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Preparing Your Students for a Field Trip

By Hooray for Family

Quality pre-planning is essential to the success of any field trip! Here are some general tips on preparing the students so that the quality of learning is maximized!

Prepping Students BEFORE the Trip

A. Discuss the purpose of the field trip and how it relates to the current course of study.

B. Show photographs of the field trip site or related exhibits. Visit the website to learn more. Introduce vocabulary words that will be used.

C. Teach visual observation skills. Let students describe in detail ordinary objects, like a marker, book, vase, or cell phone to their classmates; then be sure to apply these skills to things they see at the trip.

D. Assign students into specialist roles studying various aspects during the field trip.  Group them into different subject areas and form teams. A great team experience!

E. Brainstorm with students how to ask good questions including preparing a list of open-ended observation questions.  It may be a good idea to record questions on student field trip journals.

F. Discuss trip conduct and preparation such as amount of spending money, lunch/snack, clothing and other gear, as well as other supplies to have on hand.

Engaging Activities DURING the Field Trip

A. Plan activities that allow students to work alone, in pairs or small groups. Some fun activities might include engaging in:

  • Create a mystery or adventure game with clues for students to solve.
  • Design a scavenger hunt for interesting items or have students collect objects for a class project.
  • Conduct a field photography competition for best pictures to include in a school/camp bulletin or publication.
  • Have a sketching contest of objects found in the exhibits. Perhaps sketch only a portion of the exhibit and let others describe what they see.
  • Have students act as reporters using field notebooks for recording answers to prepared questions, or conducting a team

B. Ask follow-up questions as students make observations and listen to presentations.

C. Provide “think” time for students to work in their Field Book to write questions, describe favorite displays and sketch a picture. Have them summarize their trip on a postcard.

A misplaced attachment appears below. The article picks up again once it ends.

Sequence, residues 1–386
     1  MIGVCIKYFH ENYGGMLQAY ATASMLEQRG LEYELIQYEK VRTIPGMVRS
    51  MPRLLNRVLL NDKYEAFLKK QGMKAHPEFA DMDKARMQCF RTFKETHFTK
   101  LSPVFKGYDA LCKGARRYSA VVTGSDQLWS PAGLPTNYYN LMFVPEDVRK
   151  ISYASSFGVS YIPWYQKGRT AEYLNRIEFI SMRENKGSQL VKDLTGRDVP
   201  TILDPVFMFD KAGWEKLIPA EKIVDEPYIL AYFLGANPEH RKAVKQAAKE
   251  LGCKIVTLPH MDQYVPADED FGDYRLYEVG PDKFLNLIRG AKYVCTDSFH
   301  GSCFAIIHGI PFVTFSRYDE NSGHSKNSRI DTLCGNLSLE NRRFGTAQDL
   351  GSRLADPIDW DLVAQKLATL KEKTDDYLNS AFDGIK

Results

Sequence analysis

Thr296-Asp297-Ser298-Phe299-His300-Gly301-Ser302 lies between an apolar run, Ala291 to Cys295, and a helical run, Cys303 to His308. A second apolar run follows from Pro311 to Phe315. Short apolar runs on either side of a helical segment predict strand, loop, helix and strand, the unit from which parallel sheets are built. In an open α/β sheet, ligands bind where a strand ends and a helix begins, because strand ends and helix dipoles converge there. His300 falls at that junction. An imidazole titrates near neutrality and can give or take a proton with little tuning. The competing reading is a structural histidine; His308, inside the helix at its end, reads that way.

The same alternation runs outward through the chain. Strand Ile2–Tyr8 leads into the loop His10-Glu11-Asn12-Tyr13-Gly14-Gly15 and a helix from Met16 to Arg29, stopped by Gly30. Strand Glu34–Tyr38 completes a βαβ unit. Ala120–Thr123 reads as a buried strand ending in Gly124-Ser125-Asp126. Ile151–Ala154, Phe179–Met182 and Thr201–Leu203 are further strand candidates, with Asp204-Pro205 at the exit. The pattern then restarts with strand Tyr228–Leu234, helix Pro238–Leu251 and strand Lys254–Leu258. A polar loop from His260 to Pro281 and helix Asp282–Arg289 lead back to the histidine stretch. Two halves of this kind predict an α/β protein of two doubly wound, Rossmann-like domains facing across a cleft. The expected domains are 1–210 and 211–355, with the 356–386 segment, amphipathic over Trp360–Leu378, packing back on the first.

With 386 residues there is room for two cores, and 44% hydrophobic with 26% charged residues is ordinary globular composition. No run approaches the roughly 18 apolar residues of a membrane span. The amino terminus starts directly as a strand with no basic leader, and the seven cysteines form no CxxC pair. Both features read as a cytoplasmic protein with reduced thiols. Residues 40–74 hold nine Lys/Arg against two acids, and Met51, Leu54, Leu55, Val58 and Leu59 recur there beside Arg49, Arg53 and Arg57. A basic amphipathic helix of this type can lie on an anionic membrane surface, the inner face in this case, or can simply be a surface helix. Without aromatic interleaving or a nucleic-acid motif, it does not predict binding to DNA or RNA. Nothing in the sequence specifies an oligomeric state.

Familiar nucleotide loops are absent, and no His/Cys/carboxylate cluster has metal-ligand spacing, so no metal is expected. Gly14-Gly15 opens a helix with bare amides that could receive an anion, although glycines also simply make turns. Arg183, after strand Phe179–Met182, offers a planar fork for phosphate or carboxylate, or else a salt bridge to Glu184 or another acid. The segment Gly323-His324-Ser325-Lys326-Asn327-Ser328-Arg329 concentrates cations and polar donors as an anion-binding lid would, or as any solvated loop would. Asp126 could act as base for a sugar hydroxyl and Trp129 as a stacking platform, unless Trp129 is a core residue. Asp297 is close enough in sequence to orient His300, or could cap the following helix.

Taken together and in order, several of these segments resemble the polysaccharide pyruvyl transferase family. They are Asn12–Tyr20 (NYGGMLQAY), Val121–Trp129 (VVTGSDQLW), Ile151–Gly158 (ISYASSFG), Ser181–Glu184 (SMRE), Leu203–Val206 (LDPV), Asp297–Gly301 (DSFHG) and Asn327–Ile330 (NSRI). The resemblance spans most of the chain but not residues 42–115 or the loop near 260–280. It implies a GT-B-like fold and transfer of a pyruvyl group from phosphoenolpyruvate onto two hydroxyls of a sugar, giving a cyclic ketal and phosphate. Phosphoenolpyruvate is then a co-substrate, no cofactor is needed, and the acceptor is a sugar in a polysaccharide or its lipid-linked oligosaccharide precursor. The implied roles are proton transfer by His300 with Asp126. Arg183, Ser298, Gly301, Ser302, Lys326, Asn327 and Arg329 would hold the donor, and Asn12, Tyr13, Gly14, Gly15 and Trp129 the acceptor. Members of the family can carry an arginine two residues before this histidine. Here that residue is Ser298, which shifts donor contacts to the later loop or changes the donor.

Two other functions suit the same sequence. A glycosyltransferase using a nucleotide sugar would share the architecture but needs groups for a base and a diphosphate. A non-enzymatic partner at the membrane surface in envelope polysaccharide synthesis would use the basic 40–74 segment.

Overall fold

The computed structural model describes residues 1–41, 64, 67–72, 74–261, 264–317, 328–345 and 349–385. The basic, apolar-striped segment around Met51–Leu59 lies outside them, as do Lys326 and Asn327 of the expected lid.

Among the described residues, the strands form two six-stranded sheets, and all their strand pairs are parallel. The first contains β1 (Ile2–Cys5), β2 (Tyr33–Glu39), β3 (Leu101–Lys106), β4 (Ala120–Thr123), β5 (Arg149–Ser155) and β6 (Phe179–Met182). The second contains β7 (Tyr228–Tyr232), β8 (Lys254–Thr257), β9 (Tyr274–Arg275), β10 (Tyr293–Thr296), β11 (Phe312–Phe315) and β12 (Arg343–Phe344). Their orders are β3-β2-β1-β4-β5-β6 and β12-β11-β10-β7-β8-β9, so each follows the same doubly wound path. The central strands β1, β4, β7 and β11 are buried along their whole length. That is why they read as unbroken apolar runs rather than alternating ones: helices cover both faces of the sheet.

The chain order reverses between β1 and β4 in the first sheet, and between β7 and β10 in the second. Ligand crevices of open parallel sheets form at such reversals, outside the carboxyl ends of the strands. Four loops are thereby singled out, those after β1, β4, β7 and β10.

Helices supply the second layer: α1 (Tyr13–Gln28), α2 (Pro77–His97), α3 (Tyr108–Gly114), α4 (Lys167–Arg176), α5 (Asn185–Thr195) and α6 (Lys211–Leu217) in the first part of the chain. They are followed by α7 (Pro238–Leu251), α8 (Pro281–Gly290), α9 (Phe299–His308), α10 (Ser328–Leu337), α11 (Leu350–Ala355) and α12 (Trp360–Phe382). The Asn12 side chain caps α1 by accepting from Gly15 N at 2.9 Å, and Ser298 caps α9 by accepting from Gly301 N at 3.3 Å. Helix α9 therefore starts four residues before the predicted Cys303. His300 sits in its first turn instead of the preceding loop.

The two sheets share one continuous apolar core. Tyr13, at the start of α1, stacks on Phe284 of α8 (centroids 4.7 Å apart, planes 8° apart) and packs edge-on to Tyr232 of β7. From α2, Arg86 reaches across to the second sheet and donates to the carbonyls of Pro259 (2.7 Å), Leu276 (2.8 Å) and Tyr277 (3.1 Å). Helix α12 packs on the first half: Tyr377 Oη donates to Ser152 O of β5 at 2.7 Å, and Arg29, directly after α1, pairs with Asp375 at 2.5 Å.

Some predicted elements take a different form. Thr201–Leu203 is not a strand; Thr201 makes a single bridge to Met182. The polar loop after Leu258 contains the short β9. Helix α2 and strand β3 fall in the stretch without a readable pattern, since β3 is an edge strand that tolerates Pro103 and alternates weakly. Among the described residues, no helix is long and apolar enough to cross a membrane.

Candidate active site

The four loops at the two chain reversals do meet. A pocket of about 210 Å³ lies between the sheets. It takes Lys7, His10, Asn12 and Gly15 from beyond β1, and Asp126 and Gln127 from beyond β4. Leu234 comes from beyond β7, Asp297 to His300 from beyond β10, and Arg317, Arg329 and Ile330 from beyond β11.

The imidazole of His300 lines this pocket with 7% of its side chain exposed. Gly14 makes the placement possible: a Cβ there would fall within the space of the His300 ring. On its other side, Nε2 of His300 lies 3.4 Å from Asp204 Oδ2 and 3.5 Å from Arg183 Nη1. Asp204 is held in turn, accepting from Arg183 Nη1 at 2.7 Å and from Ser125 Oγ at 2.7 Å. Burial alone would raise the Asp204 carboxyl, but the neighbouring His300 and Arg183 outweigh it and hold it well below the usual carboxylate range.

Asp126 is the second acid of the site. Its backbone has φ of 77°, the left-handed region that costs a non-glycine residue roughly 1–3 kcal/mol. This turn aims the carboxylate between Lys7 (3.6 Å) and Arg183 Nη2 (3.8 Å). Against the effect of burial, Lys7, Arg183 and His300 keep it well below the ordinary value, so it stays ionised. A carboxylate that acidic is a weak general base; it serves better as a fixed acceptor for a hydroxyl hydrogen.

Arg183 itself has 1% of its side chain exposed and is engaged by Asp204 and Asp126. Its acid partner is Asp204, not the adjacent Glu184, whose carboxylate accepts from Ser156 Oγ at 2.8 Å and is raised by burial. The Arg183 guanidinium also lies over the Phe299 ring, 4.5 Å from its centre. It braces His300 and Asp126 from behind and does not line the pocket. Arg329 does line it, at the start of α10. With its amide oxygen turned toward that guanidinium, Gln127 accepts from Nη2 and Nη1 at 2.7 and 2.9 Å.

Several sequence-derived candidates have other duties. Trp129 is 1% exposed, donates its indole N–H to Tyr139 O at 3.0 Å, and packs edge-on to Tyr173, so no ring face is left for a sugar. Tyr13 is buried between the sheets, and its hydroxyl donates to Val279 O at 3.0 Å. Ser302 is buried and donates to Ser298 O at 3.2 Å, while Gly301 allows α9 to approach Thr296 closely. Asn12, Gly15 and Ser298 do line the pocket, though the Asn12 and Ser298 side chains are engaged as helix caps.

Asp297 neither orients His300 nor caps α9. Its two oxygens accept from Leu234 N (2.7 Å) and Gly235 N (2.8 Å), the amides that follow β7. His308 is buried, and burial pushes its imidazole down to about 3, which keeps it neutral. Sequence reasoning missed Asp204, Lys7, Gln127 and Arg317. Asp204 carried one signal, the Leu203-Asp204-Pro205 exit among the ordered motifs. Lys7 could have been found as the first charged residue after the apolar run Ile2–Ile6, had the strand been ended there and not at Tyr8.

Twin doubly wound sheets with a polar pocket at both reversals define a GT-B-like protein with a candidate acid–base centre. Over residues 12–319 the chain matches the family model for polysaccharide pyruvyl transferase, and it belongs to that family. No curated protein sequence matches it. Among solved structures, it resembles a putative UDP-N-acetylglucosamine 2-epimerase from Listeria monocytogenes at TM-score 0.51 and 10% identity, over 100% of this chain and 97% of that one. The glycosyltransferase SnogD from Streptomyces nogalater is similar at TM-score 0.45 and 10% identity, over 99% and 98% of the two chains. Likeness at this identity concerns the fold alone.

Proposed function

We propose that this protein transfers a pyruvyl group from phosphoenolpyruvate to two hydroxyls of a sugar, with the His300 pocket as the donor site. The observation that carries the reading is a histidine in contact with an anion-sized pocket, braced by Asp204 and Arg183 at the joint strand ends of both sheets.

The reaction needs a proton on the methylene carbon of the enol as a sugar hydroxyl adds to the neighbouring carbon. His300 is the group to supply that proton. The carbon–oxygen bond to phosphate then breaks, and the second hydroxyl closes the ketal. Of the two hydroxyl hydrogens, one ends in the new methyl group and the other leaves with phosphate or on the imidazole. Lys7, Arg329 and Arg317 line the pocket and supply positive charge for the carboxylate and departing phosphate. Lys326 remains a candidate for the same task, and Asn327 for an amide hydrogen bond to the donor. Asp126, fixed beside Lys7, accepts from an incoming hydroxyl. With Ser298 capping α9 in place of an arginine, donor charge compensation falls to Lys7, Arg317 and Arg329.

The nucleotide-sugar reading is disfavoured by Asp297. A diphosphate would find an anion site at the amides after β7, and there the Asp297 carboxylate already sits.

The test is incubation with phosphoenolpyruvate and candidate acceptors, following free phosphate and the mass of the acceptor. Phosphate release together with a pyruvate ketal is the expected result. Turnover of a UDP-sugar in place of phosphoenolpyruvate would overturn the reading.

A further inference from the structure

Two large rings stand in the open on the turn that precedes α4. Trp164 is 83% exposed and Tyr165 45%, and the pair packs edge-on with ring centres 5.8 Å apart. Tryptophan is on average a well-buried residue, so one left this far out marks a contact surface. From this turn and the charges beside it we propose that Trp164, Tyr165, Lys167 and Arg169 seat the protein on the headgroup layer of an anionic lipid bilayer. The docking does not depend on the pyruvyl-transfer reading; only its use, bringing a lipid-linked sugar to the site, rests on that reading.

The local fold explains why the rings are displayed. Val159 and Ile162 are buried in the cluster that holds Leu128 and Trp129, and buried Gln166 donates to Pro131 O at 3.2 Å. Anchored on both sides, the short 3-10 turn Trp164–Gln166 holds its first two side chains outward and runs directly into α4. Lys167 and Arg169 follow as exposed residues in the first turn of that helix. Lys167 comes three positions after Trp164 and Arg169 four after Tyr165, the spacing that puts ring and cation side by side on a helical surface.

D. Encourage students to use tape recorders, cameras or videos for recording what they see or hear – useful for follow-up work.

E. Ask students to discuss the various activities that they were involved and vote based on different criteria. What did they like best, least, and what would they change?

Post-Field Trip Activities
The post-field trip activity is important, too! Planning for appropriate follow-up activities will facilitate student learning and enhance the value of hands-on experiences outside the classroom.

A. Have students share general observations and reactions to field trip experiences.  Share team assignments while on the field trip and share notes from student field books.

B. Create a classroom bulletin board displaying materials developed and trip observations while on the field trip.

C. Develop a classroom museum with collections of student artwork and sketches, photographs, letters, and postcards.

D. Link field trip activities to multiple curricular areas. Expand the field trip favorite topics and apply them to art, writing, history, math, and performing arts.

E. Have the class send thank you letters to the field trip site host, chaperones and others that supported the field trip. Include descriptions of favorite objects or special information learned during the field trip.

F. Publicize the trip with an article in your local newspaper, school newsletter, trip presentation, or class web page.

Good Luck Planning Your Trip!



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By Hooray for Family
Categories:  Field Trips
Keywords:  Field Trip Guide

About the Author

Hooray for Family

Hooray for Family

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